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Sunday, April 27, 2014

LDJ–Part 21 (p 60-62)—Reformed Predestination vs. Justification

     This continues from the previous Part 20 presenting a new translation of C.F.W. Walther's seminal essay in 1859 (see Part 1 for Table of Contents).  In this Part 21, Walther uses Luther's writings to hammer the Reformed teaching of Predestination that overthrows the Doctrine of Justification.  To all those Calvinist preachers, like Charles Spurgeon, A.W. Pink, Jonathan Edwards, etc., not to mention today's Calvinists, Walther says: different Luther’s doctrine of predestination is from that of Calvin
     In the later years of Walther's life (about 1879-1887), he had to fight a raging battle against the other Lutherans in America who erred on the doctrines of Predestination and Election (of Grace).  These cunning opponents even attempted to pin Calvinism on to Walther's teaching... what a joke!  It was largely centered around the Latin phrase intuitu fidei.  (This spilled over into the teaching on Conversion also.) Here we see that already in 1859, in his middle years, Walther was fully versed in these doctrines and was training his Synod.  He could properly defend these doctrines only because he had the proper basis of ... the Lutheran Doctrine of Justification.
     Underlining follows Walther's emphasis in original.  Hypertext links have been copiously added for reference to original sources and on several subjects.  Highlighting is mine.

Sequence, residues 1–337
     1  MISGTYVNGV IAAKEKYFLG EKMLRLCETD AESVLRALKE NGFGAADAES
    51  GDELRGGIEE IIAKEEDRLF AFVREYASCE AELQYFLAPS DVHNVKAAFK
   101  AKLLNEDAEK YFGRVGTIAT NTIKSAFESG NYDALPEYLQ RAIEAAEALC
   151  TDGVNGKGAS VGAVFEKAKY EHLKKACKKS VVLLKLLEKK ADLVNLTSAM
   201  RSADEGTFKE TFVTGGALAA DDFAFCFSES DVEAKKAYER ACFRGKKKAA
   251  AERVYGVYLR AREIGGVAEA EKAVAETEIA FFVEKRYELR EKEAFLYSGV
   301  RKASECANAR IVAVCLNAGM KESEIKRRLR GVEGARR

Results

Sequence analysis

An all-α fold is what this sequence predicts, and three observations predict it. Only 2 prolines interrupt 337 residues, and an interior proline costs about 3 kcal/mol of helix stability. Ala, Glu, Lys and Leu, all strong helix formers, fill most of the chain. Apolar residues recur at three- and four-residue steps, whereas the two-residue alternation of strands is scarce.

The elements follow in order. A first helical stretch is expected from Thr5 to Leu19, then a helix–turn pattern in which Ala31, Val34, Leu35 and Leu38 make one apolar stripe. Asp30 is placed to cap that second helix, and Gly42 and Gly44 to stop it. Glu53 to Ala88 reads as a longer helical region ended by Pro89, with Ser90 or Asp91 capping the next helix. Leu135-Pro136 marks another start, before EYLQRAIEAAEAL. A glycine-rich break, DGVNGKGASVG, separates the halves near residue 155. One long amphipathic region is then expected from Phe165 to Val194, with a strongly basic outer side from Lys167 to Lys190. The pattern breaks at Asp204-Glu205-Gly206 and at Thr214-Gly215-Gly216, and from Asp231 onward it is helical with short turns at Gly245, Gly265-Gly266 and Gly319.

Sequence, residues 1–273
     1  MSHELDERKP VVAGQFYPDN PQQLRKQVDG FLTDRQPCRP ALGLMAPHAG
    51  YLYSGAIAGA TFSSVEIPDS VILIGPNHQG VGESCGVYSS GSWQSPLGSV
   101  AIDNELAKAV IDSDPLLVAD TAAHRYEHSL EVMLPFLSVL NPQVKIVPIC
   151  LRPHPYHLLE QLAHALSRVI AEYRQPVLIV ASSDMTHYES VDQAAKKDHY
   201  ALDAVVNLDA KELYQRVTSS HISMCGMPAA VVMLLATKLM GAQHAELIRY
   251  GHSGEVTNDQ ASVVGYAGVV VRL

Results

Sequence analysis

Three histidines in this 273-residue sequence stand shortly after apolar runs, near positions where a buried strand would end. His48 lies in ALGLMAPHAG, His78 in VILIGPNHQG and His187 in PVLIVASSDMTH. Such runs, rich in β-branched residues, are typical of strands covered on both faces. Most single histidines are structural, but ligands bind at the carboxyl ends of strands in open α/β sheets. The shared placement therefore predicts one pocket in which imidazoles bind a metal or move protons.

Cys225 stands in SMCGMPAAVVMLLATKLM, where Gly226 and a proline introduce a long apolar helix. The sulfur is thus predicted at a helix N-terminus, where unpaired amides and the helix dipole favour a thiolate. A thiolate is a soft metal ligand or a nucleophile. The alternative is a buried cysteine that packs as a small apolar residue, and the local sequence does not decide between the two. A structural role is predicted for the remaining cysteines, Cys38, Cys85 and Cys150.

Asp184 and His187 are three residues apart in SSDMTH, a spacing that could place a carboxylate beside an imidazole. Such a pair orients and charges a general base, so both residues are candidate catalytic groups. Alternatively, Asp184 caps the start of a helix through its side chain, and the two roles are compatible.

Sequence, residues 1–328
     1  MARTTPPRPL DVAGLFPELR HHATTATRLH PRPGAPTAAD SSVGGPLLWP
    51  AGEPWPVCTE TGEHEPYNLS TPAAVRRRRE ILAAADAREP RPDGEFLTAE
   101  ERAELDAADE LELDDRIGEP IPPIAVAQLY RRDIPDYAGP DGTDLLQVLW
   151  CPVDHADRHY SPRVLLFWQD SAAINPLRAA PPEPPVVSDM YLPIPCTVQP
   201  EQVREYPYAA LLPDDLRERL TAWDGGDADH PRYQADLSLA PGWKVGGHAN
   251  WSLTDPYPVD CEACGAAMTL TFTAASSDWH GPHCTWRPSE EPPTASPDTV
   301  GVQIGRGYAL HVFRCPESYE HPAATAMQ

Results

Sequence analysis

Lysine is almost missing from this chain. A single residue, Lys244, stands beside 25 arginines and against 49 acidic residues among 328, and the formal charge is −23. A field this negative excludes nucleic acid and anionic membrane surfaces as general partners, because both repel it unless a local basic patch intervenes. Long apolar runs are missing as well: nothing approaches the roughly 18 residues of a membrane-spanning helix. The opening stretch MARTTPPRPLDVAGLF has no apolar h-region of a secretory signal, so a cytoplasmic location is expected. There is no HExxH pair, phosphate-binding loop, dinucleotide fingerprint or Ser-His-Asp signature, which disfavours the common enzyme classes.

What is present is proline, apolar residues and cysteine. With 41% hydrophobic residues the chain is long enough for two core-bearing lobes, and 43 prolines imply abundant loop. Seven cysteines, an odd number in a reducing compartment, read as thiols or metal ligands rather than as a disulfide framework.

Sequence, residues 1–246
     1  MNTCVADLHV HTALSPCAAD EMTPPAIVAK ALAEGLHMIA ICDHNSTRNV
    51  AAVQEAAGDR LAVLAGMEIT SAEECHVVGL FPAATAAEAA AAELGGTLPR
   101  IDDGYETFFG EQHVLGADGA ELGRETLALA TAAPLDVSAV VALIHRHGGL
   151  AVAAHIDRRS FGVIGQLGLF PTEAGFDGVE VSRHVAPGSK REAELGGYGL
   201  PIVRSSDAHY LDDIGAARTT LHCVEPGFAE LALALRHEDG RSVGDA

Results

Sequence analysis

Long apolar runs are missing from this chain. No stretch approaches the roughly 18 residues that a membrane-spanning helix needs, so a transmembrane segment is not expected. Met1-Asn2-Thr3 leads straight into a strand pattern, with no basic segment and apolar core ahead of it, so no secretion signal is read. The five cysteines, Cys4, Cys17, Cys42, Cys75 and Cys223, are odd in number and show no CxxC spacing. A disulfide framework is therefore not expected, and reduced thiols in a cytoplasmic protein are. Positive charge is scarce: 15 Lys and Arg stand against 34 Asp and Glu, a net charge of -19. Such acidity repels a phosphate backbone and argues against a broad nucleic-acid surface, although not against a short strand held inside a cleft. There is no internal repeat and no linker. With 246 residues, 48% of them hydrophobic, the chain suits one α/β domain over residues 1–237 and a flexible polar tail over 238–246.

= = = = = = = = = = = =  Part 21: Pages 60-62 (1880)  = = = = = = = = = = = =
(cont'd from Part 20)
The Lutheran Doctrine of Justification.
[by C.F.W. Walther]
[1880-60]  8. The doctrine of this sublime mystery of predestination must be treated with special wisdom and caution, so that the people, heeding His will as revealed in His Word and in obedience to Him, might, through the certainty of their effective calling, be assured of their eternal election. Thus this doctrine will become the object of praise, reverence, and admiration of God, and of humility, zeal, and overflowing comfort to all who truly obey the Gospel.” (See The Constitution of the Presbyterian Church in the United States of America. Philadelphia, 1840, pp. 21—27; [cf.])
As said before, these errors appeared already at Luther’s time even among the Lutherans – errors by reason of which overthrow the doctrine of justification, therefore Luther already earnestly witnessed against them. [W1859-45]